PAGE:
The Afro-IP blog, covering African intellectual property law, informs readers that in the past the Republic of South Africa have looked to the UK when interpreting their Trade Mark Law. However, as the European system has developed, the South African courts have considered the decisions of the CJEU. Afro-Leo believes that the European influence in the interpretation of the ‘likelihood of confusion’ test is likely to prevail in Africa. However, he ponders whether after Brexit Africa will take direction from the UK or the CJEU.
2. SOLO IP: Why you should withdraw your European Patent Application
SOLO IP, blogging for Independent IP Practitioners, suggests that patent applicants and their agents should very seriously consider their portfolios of pending European patent applications. Barbara Cookson submits that the prospect of the Unitary Patent is fading fast after the Brexit vote and advises readers that examination fees will be refunded if examination has not started.
3. MARQUES CLASS 99 (Designs: A different sort of Brexit: London Act is terminated.
Marques Class 99, blogging on design law, informs readers of the Termination of the London (1934) Act of the Hague Agreement Concerning the International Deposit of Industrial Designs. This may be of more historical than commercial interest to many readers since the termination has been in process since 2013.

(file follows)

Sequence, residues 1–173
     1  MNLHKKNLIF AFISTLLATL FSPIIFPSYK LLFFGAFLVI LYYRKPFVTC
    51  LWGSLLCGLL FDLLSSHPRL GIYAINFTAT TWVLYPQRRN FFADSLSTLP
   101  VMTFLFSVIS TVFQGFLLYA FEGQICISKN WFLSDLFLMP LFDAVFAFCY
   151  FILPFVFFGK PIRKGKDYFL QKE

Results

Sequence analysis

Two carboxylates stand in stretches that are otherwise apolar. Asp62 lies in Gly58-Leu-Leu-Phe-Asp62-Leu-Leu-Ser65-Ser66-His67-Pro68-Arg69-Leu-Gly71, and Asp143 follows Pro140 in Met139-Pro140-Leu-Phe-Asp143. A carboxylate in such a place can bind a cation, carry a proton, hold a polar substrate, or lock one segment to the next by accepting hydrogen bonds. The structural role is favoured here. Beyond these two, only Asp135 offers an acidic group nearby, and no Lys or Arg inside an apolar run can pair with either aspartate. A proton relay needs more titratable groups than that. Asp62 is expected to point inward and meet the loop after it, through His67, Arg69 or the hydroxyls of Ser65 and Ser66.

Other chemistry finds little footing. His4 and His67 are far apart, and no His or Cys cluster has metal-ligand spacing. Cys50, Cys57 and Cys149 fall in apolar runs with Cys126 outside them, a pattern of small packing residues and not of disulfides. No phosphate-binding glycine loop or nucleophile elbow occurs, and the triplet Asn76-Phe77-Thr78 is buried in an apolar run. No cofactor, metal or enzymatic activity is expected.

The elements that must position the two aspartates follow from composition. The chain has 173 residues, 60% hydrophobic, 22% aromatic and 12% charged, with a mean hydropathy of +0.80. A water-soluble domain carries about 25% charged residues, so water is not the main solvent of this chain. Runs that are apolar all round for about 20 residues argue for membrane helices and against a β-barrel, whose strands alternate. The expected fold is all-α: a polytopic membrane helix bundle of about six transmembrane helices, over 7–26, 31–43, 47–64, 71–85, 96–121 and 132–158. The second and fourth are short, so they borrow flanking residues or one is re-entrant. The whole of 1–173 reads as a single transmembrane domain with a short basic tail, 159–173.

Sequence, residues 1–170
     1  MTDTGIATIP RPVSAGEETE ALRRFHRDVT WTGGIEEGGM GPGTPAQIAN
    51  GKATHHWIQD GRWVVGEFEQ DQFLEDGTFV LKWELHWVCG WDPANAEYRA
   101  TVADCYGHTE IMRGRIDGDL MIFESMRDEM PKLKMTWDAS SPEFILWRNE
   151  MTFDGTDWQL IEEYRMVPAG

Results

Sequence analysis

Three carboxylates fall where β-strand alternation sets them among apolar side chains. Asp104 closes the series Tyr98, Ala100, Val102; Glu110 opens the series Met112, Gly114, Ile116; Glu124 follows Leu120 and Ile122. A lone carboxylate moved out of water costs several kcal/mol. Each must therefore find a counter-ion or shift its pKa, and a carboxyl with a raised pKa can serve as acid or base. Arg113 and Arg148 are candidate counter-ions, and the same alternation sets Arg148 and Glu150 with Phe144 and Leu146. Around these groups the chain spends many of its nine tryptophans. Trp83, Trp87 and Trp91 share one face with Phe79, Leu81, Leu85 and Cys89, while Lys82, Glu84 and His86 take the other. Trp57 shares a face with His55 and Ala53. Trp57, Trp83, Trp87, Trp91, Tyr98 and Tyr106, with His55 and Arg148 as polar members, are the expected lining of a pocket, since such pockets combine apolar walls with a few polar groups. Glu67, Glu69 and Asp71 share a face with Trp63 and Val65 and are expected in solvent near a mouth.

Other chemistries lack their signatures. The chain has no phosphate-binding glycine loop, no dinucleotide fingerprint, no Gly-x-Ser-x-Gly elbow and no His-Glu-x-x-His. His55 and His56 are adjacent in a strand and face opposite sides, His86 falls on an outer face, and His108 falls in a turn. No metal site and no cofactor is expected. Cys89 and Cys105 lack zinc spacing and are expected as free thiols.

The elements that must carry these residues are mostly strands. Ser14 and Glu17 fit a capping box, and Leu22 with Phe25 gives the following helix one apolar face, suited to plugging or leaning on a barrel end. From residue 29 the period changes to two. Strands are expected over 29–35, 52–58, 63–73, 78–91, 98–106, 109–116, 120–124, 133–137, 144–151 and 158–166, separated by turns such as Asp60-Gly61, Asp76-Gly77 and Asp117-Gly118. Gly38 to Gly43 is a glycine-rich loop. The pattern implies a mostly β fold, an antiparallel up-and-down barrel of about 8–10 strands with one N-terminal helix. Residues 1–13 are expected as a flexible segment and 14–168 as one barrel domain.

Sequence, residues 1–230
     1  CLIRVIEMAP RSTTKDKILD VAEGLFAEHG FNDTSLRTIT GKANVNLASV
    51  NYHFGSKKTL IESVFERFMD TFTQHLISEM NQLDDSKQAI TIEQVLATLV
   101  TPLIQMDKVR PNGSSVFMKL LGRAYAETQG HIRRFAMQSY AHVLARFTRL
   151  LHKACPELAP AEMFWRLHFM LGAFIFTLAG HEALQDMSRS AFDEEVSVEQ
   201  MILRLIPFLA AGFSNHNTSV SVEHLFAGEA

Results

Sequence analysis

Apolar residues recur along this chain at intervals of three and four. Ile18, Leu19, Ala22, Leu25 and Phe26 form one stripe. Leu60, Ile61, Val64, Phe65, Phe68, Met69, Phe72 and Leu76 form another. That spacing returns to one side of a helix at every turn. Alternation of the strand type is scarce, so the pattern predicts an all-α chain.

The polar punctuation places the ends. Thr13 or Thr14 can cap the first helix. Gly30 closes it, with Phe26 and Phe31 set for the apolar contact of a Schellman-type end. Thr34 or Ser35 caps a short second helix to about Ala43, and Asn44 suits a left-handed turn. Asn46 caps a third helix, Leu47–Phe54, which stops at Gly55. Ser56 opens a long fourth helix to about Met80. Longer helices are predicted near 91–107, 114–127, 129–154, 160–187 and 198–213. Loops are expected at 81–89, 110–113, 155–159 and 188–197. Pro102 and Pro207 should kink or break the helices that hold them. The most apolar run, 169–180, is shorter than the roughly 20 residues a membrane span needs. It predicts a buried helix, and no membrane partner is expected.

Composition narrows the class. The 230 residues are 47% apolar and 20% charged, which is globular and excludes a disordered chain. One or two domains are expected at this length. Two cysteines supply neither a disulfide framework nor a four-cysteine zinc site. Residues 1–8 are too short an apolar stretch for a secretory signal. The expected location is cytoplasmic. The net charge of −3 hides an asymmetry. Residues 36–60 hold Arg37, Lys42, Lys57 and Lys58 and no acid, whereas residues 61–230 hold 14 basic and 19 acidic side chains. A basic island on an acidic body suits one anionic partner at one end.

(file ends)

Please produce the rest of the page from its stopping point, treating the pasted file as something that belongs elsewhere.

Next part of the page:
Two related events:
1. Is there a European Future for UK Intellectual Property Law?
The CIPPM Annual Symposium 2016 will address the uncertainties that surround the forthcoming role of UK in the European intellectual property arena, in an attempt to respond to some of the questions that have emerged in the wake of the referendum. Where: Executive Business Centre, Bournemouth University When: Thursday 3 November 2016, 10.30 – 18.00.
2. Copyright Reform in a Brexit Environment, Public Lecture By Prof. Martin Kretschmer
The CREATe Public Lecture Series 2016 will investigate what a digital single market means in an interconnected world in which copyright still slices content by territory; and whether the balance between artists, investors and users still reflects an analogue world of linear exploitation. The lecture then considers if the UK will become a digital Island post Brexit. Where: University of Glasgow, Humanities Lecture Theatre When: Wednesday, October 19th, 17:30